1 – Glitter Sniffle
2- Mystic Frailty
3- Unsteady Casting
4- School Lock
6- Energy Leak
8- Commoner’s Disease
9- Soul Breach
Glitter Sniffle – While most magical diseases are a severe inconvenience, Glitter Sniffle is more of a nuisance. For the duration of the illness, the caster sneezes at least once every 15 minutes. When they sneeze, a glittering, glowing light effect erupts from their nose, momentarily causing a harmless flash of light. Bits of mucus continue to glow for an hour after the fact, which can leave an obvious trail if the care is not taken.
Mystic Frailty – All spells have their effects reduced by half (number of die, number of creatures, duration. Whichever is relevant). Aside from feelings of general mental weakness, the casters spells are much less impaction than they ought to be. Though the caster may put twice as much effort into their attempt to cast fireball, the flames they produce will be significantly less intense than normal.
Unsteady Casting – Magical incantations which normally seem quite simple are more difficult to understand and express. Gestures and magical words are slightly off, causing the spell’s effects to be weakened. The saving throw for all of the caster’s spells are reduced by half. Any spell which normally does not have a saving throw, gains one.
School Lock – Whichever school of spells the cater was attempting to cast from when they failed is the only school which they can cast from at all for the duration of the disease. The magical energies specific to that school have permeated the caster’s body, causing spells of any other school to become mangled, and fail. This effect counts even if the failed spell was from the universal school, or the caster’s prohibited school.
Reachlost – The ability to designate a target for a spell is a complicated one which casters must practice hard in order to perfect. The Reachlost disease completely blocks the caster’s access to the mental muscle they need in order to accomplish that feat. For the duration of this illness, spells can only be delivered as touch spells. Magical items which increase a spells range, or metamagic feats which do so, will not function.
Energy Leak – The magical energies that the caster normally holds within their bodies leak out constantly. Anytime they attempt to cast a spell, they must make a concentration check, DC 10 + [Spell Level]. If they fail, then the spell was lost, and they cannot attempt to cast it. Additionally, the leaking magic attracts many types of magical bests which can sense it. Denizens of the lower planes are particularly sensitive to this trail, often sensing it from miles away.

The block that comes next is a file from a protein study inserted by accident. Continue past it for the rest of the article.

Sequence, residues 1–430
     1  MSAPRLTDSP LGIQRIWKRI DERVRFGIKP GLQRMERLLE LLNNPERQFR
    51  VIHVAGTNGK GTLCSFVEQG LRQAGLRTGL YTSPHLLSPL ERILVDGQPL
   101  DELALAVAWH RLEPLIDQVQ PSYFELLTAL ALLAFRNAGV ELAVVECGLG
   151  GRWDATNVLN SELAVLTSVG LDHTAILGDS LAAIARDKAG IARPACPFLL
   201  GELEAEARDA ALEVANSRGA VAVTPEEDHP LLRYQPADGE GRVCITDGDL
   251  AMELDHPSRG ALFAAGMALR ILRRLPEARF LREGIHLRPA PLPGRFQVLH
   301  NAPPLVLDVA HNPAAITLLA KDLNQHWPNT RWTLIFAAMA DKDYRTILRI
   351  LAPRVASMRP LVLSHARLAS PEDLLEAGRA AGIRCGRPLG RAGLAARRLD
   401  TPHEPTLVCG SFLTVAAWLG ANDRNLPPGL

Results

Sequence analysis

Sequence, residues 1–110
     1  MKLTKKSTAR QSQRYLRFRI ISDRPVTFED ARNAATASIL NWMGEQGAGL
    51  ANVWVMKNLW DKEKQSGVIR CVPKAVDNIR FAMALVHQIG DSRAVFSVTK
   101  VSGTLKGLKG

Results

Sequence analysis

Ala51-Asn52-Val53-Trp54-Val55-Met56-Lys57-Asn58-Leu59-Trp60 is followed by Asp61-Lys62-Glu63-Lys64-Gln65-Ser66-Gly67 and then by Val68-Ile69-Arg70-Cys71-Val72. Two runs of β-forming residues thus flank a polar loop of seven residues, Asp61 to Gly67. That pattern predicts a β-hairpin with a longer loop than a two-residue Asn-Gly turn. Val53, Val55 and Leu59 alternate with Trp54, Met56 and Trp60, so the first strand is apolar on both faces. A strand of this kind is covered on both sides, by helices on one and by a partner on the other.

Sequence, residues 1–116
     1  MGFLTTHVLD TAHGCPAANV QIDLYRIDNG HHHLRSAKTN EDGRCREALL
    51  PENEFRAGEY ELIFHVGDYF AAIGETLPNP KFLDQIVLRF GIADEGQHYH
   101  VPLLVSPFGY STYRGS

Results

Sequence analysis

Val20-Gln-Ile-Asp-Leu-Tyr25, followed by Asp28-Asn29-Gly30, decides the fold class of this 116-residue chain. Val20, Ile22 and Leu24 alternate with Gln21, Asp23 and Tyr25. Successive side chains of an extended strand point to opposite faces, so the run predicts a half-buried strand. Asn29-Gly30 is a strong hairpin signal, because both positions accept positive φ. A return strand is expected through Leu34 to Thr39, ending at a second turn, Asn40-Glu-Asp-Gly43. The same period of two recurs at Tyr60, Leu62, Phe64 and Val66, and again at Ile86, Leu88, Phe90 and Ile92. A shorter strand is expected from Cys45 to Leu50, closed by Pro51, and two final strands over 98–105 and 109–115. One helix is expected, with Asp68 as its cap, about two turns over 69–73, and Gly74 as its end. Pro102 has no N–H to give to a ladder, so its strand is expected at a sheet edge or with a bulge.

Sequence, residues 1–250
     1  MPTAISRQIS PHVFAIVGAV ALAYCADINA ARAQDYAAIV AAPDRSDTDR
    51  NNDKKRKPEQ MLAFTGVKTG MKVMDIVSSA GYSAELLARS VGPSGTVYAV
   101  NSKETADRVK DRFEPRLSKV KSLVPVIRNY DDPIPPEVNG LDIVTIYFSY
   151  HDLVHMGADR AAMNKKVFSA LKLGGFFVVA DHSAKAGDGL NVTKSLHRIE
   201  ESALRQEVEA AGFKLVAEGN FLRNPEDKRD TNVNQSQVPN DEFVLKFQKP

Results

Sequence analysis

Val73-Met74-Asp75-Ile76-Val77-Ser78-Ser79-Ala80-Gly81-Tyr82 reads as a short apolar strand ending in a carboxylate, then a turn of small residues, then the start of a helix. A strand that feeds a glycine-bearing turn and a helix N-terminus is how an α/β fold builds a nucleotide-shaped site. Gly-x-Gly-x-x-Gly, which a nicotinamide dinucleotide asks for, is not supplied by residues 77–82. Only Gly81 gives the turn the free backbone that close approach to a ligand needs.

Spelldraw – The shifting, roiling mass of magical energy within the caster is so powerful that it draws other magic towards it. If any spell’s target is within a number of feet of the diseased caster equal to 10 * the failed spell’s level, then the caster of that spell must succeed on a concentration check (DC 10 + [Spell Level]) or that spell’s target will become the diseased caster. The diseased caster also receives no saving throws against spells while afflicted with Spelldraw.
Commoner’s Disease – Magical energies become completely inaccessible to the caster for the duration of this disease. They are unable to cast any spells whatsoever, but can still use scrolls and magical items.
Soul Breach – This is bad. The magical energies you let course through your body have somehow entwined with your soul, corrupting it. This effect does not end until it is cured, and curing it may be difficult. Each time you cast a spell while you have this disease, make a will saving throw, DC 10 + [Spell Level]. Upon failure, this corruption spreads, and the caster gains 1 negative level.
If the disease cannot be cured, the caster faces a difficult decision about what they value more: casting spells, or being alive?
*My understanding is that the disease rules found in the DMG first appeared in a simpler form in the “Blackmoor” supplement, written by Arneson.
Posted by LS on Wednesday, October 3rd, 2012 at 5:45 am
Categories: Dungeons & Dragons 3.5, Pathfinder.
Tags: Homebrew, House Rules